Fulltofta Church

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Fulltofta Church, view of the exterior

Fulltofta Church (Swedish: Fulltofta kyrka) is a medieval church in Fulltofta [sv], in Hörby Municipality in the province of Skåne, Sweden. It belongs to the Diocese of Lund. During the Middle Ages, the church was a local pilgrimage site for the veneration of Magnhild of Fulltofta. It contains a large number of medieval frescos, uncovered during a restoration of the church in the early 20th century.


Fulltofta Church was built approximately 1160–1175, possibly by the same workshop responsible for building the nearby church of Bosjökloster, as indicated by the similarities between the unusual apses of the churches. These are decorated with sandstone lesenes. Fulltofta Church also has cornerstones of the same material, and still intact are the portals of the southern entrance and fragments of the northern portal. The main building material of the church is otherwise fieldstone. The tower is somewhat later, built during the 13th century and originally taller than it is at present. The church porch decorated with crow-stepped gables in front of the southern entrance was added during the course of the 14th century.[1]

Inside, the vaulted ceiling of the church was constructed during the 15th century, replacing an earlier ceiling. In the 17th century, a burial chapel was built for the family owning the nearby estate Fulltofta gård. The tower was enlarged in 1809; the work was financed by the owner of Trollenäs Castle, Arwid Trolle. A major restoration of the church was carried out in 1953.[1][2]

The church was built next to Fulltofta gård, an estate which at the time belonged to the Bishop of Lund. During the Middle Ages, the place became a pilgrimage site for the locally venerated Saint Magnhild of Fulltofta.[1][3] According to legend, Magnhild was a pious woman who was shot to death with an arrow from a bow by an assassin hired by her daughter-in-law in 1215. Her body was buried in or near Fulltofta Church, which became a local pilgrimage site until the saint's body was moved to Lund Cathedral in a solemn procession in 1383. Close to the church, a small spring named after the saint is supposed to have appeared at the place where the casket containing her body touched the ground, according to the legend.[1][4]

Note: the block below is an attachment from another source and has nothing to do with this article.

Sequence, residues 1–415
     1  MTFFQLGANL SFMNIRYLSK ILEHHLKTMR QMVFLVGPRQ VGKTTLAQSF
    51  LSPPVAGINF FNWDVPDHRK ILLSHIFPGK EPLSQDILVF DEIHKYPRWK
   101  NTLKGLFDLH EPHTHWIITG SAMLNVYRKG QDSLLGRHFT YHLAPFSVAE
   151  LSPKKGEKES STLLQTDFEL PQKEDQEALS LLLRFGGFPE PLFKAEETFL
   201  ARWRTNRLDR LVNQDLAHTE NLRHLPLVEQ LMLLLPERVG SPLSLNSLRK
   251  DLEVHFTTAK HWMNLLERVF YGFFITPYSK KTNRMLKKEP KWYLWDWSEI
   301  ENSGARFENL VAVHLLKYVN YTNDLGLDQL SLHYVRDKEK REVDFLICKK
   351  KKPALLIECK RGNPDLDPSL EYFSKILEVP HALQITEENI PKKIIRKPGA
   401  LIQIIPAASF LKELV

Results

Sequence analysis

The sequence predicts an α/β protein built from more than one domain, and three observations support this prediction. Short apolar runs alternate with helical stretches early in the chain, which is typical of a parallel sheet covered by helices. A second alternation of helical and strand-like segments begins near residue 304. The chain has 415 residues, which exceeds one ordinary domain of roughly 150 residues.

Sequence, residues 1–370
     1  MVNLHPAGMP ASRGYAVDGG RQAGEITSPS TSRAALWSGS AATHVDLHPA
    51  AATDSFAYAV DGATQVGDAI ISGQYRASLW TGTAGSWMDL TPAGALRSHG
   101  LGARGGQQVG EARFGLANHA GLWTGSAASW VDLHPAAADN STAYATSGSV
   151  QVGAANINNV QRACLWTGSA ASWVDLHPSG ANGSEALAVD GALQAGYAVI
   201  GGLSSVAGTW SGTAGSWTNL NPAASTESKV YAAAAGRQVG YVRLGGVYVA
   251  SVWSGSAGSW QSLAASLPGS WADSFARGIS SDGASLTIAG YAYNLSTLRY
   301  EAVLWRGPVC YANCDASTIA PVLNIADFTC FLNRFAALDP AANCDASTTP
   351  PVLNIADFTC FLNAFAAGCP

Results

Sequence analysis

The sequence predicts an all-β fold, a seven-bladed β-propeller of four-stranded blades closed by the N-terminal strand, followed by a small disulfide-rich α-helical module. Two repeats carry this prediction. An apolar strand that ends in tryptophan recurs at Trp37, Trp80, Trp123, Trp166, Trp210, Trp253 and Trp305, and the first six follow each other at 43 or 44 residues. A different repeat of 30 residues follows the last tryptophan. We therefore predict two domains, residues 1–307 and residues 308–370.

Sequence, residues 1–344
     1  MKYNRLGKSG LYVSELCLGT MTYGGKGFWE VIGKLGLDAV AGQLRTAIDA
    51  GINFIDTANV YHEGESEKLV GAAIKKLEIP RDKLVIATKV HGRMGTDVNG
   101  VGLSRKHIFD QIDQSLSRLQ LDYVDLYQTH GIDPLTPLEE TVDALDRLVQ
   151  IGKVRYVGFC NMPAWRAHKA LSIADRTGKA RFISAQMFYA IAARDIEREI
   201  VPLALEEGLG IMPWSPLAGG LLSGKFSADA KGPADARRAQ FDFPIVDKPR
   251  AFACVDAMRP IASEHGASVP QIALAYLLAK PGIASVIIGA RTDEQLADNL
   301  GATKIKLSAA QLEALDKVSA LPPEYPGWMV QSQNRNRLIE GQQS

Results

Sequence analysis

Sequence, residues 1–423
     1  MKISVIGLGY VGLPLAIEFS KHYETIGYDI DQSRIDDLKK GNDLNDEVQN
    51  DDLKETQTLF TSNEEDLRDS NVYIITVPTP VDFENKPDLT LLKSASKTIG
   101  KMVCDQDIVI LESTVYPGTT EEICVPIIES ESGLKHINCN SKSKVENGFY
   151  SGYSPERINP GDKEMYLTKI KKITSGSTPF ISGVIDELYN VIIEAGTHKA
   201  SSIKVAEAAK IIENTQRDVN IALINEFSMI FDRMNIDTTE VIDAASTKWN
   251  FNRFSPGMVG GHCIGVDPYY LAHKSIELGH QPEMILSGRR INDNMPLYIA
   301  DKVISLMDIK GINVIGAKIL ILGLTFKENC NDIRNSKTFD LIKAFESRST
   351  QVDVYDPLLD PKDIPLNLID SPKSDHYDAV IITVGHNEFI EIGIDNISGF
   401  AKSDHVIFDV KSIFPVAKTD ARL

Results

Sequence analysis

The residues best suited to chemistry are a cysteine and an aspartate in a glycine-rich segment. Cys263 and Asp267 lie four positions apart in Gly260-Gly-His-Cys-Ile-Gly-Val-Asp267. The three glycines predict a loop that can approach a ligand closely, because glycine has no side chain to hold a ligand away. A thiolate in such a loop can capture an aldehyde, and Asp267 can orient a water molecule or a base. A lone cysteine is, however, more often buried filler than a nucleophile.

Interior view of the profusely decorated vaults

The interior of the church is richly decorated with medieval frescos, dating from the second half of the 15th century. They are considered to be made by an artist known by the notname Skivarpsmästaren, after the frescos in Skivarp Church which are believed to be by the same hand. They were rediscovered in 1907 after having been covered with whitewash since the Reformation, and uncovered in 1910–1912.[1] The frescos have been described as being of high quality and depict almost exclusively scenes from the Bible (and with the exception only of other religious themes, e.g. the stigmatization of Saint Francis).[1]


The oldest item in the church is the square-shaped baptismal font, of the same age as the church building. Of the church bells, the smaller one is medieval; it was made in the 15th century by a bell-maker named Jakob Jode or Yade in Stralsund. The other furnishings date from the time after the Reformation. The altarpiece is from 1636, probably made in the workshop of Jacob Kremberg in Lund. The pulpit is from the late 16th century. A stained glass window of the church, made in 1936 by artist Hugo Gelin, recounts the legend of Saint Magnhild.[1][3]


  1. ^ a b c d e f g Wahlöö, Claes (2014). Skånes kyrkor 1050–1949 (in Swedish). Kävlinge: Domus Propria. p. 83-85. ISBN 978-91-637-5874-4.
  2. ^ Jacobsson, Britta; Johansson, Eva; Johansson, Per; Andersson, Rolf (1990). Våra kyrkor. Västervik: Klarkullens förlag AB. p. 403. ISBN 91-971561-08.
  3. ^ a b "Sankta Magnhild" (in Swedish). Church of Sweden. Retrieved 22 July 2018.
  4. ^ "Fulltofta kyrka" (in Swedish). Church of Sweden. Retrieved 22 July 2018.

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Coordinates: 55°52′38″N 13°37′07″E / 55.87722°N 13.61861°E / 55.87722; 13.61861